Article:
Right now, products and projects like these are primarily aimed at accomplishing a straightforward, if elusive, goal: Helping people get better sleep. But both Mignot and Katabi say the relationship between AI and sleep goes far deeper than simple shut-eye.

“Sleep is very important,” Katabi says, “but sleep is not just sleep.”

Precursors and symptoms of a range of chronic conditions manifest while we’re sleeping. Individuals with depression, for example, often also suffer from insomnia. And many people with Parkinson’s disease develop REM sleep behavior disorder — meaning they physically act out their dreams — decades before the emergence of telltale symptoms like tremors. Having access to a tool that could quickly and accurately pick up on these sleep disturbances could help treatment options, Mignot says.

“Many of these diseases we need to be preventing; we can’t wait until the brain is gone,” Mignot says. “Sleep is the window to brain health in many, many cases.”

March 18, 2019

Colon Cancer Screening Can Save Your Life

local94news shared this story from Personal Health.

With colorectal cancer being found in an increasing number of younger adults, the pressure is on to screen millions more.

March 18, 2019

Is At-Home Stool Test a Colonoscopy Alternative?

local94news shared this story from WebMD Health.

colonoscope close up

Experts said the findings offer more support for a screening test that has long been a recommended option -- but not often performed in the United States.         Instead, most Americans are screened for colon cancer by colonoscopy -- an invasive test that examines the colon. However, many other countries favor a yearly stool test.

February 04, 2019

5 Quick Metrics To Measure Your Heart Health

local94news shared this story from Forbes - Healthcare.

It is also necessary for patients to understand the underlying mechanisms in which a human heart works. Here we will discuss a few non-intrusive and corresponding metrics that if tracked regularly can give very early warning signs of potential cardiovascular diseases.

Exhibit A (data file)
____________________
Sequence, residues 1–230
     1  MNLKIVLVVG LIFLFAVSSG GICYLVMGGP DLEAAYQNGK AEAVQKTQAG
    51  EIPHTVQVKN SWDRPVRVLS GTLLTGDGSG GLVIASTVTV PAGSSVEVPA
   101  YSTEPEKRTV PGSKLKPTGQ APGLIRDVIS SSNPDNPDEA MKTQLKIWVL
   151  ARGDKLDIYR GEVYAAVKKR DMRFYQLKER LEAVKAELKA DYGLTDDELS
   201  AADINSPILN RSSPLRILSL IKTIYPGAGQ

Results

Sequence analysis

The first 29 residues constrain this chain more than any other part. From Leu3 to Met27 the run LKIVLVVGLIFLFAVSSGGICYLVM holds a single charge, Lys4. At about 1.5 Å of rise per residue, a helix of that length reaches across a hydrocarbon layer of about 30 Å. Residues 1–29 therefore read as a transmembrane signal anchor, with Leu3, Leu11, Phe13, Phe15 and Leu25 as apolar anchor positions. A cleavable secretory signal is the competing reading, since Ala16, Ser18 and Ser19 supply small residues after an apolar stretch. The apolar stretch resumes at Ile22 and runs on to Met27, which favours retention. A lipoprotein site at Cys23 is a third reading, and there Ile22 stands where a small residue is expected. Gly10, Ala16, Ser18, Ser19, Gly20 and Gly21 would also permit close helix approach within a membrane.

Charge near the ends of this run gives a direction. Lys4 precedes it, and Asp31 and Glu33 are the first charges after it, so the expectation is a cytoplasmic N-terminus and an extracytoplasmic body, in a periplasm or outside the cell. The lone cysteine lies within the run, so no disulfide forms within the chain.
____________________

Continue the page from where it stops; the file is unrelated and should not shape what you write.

February 04, 2019

Join American Heart Association’s Go Red for Women® and take action against heart disease this American Heart Month, kicking off on Feb. 1 with National Wear Red Day®

local94news shared this story from American Heart Association.

Motivating women to make a healthy behavior commitment, CVS Health delivering no-cost heart-health screenings among key initiatives

February 04, 2019

Almost Half of U.S. Adults Have Heart Issues

local94news shared this story from WebMD Health.

human heart illustration

The increase from the figure reported a year ago is largely due to the change in the official definition of high blood pressure, the American Heart Association reports.

January 14, 2019

Take a Moment With Meditation

local94news shared this story from latest-news-feed.

Our busy lives can leave us frazzled and stressed. Studies show taking a mental break with meditation can quiet the mind and improve health. We’ll walk you through the basics.

January 14, 2019

You Asked: When to Start With a Gynecologist?

local94news shared this story from NYT > Health.

Cervical cancer screening starts at age 21. But there are reasons to start seeing a gynecologist earlier.

January 14, 2019

Too Few Women Getting Cervical Cancer Screening

local94news shared this story from WebMD Health.


In 2016, just over half of U.S. women aged 21 to 29 and less than two-thirds of women aged 30 to 65 were up-to-date with cervical cancer screenings, according to a new report.